Still, now that it's a done deal, I can resume cheering for Curt Schilling and crew. Sorry, Colorado, yours is an inspiring tale, but my heart beats for the Bosox. Except when they're playing the Indians.

Who is "Michael Clayton"?


directed and written by Tony Gilroy
starring George Clooney, Tom Wilkinson, Tilda Swinton, Sydney Pollack

Although no one could possibly call “Michael Clayton” an adult film (though a man – not George Clooney, alas – does get naked), there’s no question that it’s a film made for adults. As such, it feels oddly out of sync with a Hollywood culture that seems increasingly obsessed with the fantasies and fixations of adolescence, especially male adolescence. At the same time, it doesn’t quite belong to this fall’s bumper crop of political movies (“In the Valley of Elah,” “Rendition,” “Lions for Lambs,” etc.) that tackle thorny moral issues raised by terrorism and the Iraqi war, though some critics have put it in this group and labeled the entire group a throwback to post-Watergate conspiracy theory classics like “The Parallax View,” “Three Days of the Condor,” and “All the President’s Men.”

“Michael Clayton” is the closest in spirit and style to those ’70s milestones, and writer-director Tony Gilroy has made no secret of their influence. Indeed, one of the main characters (played by Tom Wilkinson) is clearly a reworking of Howard Beale, the mad oracle of “Network.” But “Michael Clayton” isn’t really a paranoid thriller—or to the extent it attempts to be, it’s serviceable but not nearly as effective as the films it invokes. At its heart, and where it works best, it’s a psychological portrait of a man who’s all but succumbed to the Man, when external events force him to reconsider.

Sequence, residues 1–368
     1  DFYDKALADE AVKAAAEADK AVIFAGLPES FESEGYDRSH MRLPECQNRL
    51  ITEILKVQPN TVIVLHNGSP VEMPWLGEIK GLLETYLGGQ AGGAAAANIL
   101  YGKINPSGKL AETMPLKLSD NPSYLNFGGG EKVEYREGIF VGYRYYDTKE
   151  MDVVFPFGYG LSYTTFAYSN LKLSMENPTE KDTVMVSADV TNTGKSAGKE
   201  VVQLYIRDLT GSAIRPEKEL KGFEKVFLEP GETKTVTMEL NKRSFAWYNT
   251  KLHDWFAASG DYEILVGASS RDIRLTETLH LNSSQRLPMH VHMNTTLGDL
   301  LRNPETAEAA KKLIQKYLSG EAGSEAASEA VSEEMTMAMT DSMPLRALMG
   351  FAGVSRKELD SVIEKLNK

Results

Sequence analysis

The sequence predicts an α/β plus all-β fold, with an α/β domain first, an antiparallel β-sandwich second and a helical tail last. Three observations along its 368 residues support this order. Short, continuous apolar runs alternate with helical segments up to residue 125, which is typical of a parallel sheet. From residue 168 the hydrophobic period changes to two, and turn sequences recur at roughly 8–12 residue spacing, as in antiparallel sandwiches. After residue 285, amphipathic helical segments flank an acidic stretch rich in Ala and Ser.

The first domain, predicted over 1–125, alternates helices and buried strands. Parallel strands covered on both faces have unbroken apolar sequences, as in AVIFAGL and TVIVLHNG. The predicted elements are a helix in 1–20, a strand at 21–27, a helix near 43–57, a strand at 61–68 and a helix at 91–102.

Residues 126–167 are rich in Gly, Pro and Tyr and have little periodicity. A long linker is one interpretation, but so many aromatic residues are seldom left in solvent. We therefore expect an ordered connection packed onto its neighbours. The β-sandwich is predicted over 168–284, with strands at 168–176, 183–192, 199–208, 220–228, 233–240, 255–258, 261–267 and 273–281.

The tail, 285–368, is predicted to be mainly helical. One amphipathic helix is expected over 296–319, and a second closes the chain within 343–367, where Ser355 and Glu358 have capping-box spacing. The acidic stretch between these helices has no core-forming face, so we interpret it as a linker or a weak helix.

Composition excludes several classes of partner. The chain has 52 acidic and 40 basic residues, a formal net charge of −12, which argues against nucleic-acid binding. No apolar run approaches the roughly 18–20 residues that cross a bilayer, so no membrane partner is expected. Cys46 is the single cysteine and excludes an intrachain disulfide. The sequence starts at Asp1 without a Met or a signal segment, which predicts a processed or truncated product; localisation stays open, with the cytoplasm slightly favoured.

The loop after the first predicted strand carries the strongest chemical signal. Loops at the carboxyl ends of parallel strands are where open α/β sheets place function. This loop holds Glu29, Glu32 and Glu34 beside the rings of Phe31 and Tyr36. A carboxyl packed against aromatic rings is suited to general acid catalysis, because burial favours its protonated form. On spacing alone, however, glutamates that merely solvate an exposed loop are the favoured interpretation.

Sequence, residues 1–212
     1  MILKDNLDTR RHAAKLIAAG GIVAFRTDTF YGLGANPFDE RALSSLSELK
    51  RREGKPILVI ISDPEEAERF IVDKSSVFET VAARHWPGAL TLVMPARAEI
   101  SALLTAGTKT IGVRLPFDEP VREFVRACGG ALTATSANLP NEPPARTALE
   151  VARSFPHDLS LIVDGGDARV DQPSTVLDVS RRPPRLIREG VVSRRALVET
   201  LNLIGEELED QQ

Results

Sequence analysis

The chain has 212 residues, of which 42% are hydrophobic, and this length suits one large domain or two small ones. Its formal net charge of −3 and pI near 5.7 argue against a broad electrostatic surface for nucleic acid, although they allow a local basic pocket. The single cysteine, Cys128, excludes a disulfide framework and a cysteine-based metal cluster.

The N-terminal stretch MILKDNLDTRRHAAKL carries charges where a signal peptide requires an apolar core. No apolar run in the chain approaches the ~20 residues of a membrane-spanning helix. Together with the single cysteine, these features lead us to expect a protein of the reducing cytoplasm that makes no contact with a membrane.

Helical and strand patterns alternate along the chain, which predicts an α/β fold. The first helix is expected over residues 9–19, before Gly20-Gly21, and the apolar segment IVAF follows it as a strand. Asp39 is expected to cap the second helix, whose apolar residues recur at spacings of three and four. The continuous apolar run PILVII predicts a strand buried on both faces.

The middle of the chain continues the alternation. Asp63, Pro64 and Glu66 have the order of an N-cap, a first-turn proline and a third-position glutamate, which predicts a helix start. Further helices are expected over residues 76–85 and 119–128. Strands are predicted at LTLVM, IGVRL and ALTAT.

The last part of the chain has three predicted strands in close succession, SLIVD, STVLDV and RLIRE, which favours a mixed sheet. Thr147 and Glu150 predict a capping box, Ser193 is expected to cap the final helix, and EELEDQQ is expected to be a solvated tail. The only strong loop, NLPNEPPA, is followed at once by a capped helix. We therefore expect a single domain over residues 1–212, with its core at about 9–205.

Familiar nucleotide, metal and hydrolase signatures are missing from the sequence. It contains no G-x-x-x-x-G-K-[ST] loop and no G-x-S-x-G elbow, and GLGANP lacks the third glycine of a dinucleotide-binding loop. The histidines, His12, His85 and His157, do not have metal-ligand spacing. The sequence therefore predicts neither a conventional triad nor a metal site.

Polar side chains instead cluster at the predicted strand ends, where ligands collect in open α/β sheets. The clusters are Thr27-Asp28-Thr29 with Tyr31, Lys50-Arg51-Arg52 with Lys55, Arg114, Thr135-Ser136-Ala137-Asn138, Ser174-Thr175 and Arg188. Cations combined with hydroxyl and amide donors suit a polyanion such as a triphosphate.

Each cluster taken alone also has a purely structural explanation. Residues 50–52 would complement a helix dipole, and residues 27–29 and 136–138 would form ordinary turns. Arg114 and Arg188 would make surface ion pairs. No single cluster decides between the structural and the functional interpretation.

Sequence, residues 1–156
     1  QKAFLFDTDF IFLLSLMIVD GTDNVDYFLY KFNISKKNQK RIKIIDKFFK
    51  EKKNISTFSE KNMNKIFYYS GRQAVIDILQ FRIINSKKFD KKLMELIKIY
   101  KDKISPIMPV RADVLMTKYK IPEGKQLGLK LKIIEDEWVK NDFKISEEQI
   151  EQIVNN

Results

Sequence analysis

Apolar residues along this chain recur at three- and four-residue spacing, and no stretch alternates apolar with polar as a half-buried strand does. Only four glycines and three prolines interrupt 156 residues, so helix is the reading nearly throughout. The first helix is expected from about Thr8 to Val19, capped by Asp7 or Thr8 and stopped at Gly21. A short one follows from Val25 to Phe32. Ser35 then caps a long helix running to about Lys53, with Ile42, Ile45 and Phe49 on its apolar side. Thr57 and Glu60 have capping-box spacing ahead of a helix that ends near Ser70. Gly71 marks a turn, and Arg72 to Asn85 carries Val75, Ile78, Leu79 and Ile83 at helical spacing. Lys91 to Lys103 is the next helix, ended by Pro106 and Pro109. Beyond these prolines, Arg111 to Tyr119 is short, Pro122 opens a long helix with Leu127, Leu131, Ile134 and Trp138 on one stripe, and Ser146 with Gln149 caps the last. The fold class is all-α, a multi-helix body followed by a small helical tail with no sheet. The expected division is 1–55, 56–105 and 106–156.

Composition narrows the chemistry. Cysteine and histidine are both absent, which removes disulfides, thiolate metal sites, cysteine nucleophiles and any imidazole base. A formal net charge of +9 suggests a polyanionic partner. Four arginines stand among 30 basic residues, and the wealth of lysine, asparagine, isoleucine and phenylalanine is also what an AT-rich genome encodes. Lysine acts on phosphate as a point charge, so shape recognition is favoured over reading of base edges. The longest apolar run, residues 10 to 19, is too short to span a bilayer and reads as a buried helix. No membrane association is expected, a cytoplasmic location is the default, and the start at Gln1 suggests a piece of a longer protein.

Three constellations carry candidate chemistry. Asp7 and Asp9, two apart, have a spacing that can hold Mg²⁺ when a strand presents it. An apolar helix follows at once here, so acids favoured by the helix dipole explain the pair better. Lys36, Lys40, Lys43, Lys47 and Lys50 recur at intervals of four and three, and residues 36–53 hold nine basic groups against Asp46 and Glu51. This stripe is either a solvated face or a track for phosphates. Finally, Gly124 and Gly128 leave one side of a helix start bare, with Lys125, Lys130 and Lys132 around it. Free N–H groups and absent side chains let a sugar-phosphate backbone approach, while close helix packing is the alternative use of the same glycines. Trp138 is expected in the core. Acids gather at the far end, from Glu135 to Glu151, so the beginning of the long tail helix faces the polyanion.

Clooney stars as Clayton, a “fixer” in an elite New York corporate law firm. A former litigator, he now functions, in his own words, as the firm’s janitor, pulling strings and calling contacts to clean up problems that crop up in the course of business – whether the firm’s or its clients’. A doozy of a problem arises when a colleague, senior partner and top litigator Arthur Edens (no symbolism there, I’m sure), goes off his meds and has either a meltdown or an epiphany, depending on your point of view, in the middle of the billion-dollar class action suit he’s defending on behalf of U North, a giant agrochemical manufacturer accused of poisoning unsuspecting Midwestern farmers. After several years and thousands of billable hours, Arthur strips naked in the middle of a deposition and begins referring to himself as “Shiva, god of death” and doing everything possible to screw over U North in the case. Enter Michael Clayton, who’s called in by the firm’s managing partner (Sydney Pollack) to bring Arthur back to the fold and reassure the understandably concerned client.